It is not a secret that if you want to master the English language, you have to know a wide range of phrases you can use to express something. The English language has a very developed phraseology. In that sense, I will try to help you learn some very useful phrases for making, accepting and refusing invitations in English so that your English gets even closer to native.
When we make an invitation, we usually ask someone to join us for a particular event such as a meal, a party or some activity. In this lesson, we will be learning useful phrases to help you invite someone for an event or activity, as well as different ways to accept or decline an invitation.
How to ask people about their arrangements
First of all, we need to ask people about their arrangements to check if they are available. We can do that in the following ways:
- Are you free on Saturday morning?
- Are you doing anything tonight?
- What are you doing after work?
- Do you have any arrangements for the weekend?
How to make an invitation
We can invite people in more or less formal ways depending on who we are inviting and what’s the occasion. But the main phrases to use are these:
Do you want to…?
- Do you want to join us for a drink after work?
- Do you want to join us for a game of badminton?
Would you like…?
- Would you like to come to the concert with us?
- Would you like to play netball on the beach?
Why don’t you/we…?
- Why don’t we go for a picnic on Saturday?
- Why don’t you come with us on a city break to Barcelona?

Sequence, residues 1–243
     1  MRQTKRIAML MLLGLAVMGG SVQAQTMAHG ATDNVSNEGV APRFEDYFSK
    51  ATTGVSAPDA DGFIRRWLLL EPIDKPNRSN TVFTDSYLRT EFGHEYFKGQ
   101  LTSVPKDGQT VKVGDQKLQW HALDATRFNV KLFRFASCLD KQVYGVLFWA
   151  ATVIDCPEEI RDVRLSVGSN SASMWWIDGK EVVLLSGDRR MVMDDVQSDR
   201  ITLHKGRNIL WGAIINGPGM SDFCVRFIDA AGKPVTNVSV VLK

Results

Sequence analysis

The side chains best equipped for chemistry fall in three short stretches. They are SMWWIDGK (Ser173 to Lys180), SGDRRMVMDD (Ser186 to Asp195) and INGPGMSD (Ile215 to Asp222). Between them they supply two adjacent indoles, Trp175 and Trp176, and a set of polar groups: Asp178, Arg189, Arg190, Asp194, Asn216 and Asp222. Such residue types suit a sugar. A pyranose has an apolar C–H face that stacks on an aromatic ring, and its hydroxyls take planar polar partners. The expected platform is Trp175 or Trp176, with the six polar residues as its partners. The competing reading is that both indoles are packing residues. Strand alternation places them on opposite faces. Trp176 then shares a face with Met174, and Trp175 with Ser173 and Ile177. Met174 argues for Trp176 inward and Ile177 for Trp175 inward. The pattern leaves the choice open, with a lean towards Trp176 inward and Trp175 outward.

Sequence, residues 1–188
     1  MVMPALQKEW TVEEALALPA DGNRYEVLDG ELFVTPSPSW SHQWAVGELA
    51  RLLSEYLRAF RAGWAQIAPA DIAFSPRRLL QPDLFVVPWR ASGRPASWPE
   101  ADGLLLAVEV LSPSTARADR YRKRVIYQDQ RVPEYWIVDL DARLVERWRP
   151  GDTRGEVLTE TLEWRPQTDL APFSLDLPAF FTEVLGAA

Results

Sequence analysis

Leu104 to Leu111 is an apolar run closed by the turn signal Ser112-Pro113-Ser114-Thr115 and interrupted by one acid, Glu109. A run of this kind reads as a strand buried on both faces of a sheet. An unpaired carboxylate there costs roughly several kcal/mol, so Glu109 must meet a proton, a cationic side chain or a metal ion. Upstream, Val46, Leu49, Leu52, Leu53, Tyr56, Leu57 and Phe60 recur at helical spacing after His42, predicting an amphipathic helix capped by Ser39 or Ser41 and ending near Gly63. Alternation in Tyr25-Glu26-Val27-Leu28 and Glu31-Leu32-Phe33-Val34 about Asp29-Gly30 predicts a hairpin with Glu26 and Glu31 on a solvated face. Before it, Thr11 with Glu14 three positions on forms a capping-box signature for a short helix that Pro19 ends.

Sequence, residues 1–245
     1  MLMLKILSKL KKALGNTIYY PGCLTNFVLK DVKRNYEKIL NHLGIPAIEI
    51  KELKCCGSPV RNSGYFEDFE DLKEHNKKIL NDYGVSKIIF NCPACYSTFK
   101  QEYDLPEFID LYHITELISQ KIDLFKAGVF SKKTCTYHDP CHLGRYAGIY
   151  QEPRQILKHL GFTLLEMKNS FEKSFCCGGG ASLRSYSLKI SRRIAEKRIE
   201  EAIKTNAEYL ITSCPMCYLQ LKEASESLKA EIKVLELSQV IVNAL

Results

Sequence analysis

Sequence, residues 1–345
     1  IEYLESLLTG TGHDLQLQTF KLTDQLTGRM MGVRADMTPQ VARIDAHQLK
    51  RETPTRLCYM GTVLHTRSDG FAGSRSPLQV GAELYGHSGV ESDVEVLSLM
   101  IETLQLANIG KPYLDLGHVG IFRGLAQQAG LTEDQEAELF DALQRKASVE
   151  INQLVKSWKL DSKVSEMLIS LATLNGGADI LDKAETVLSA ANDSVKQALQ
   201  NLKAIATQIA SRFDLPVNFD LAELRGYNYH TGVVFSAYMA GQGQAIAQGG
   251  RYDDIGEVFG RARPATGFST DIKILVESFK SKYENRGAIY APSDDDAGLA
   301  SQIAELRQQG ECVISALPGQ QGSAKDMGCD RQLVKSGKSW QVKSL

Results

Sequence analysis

- Let’s play tennis on Sunday morning!
- Let’s throw a party. I’ve graduated!
- How about a cup of coffee?
- How about going to the pub tonight?
We can use all kinds of different phrases to invite someone, such as:
- Would you be interested in joining us tomorrow? We’re celebrating my father’s retirement.
- Do you feel like coming for a meal at our house on Sunday? We’re having some friends around.
- I invite you to my birthday party on Thursday evening.
- I was wondering if you could join us for a game of cards?
- I’d like to ask you if you could come to my daughter’s wedding next weekend.
- We would be very pleased if you could join us.
How to accept an invitation
It is a good idea to accept the invitation with “thank you”. For example:
- Thanks, I’d be glad.
- Thank you, I’d love to.
- Thank you very much, I would be honoured.
Here are some more phrases for accepting invitations:
- That sounds great / lovely / super / fun
- I’d love to, thanks!
- It’s very kind of you / You are very kind.
- Sure, I’d love to.
- What a great idea. What time?
- With pleasure!
- I wouldn’t miss it for the world!
How to refuse an invitation
There are many different ways to refuse an invitation, but try to give a reason for it.
- Sorry, I can’t. I have some other plans / arrangements.
- I’m afraid I can’t because I’m looking after my sister’s children.
- I don’t want to sound rude but my parents are visiting me on Saturday.
- I’d love to but I’m really busy.
- Thanks for your invitation but I have to study for the test.
- Maybe some other time.
Here are some conversation examples:
A: Are you free on Sunday afternoon?
B: Yes, I am. Why do you ask?
A: Well, my husband and I are having some friends around for lunch. Would you like to come?
B: Yes, sure. I’d love to. What time?
A: 2 pm.
B: Should I take something?
B: No, thanks, that won’t be necessary.
A: Do you have any arrangements for the weekend?
B: Well, I’m writing a report for work.
A: I was wondering if you could come to London with us.
B: I’d love to but I’m really busy. Thanks anyway. Maybe some other time.
How to write an invitation
Don’t forget that you can make invitations in written form as well. In that case, your letter (or an email) can be more or less formal depending on who you are writing to, and you can use the following phrases:
- I’m writing to invite you…
- We are organizing a party, and we would love it if you could come…
- We would be honoured if you could join us…
- You are invited to attend / we invite you…
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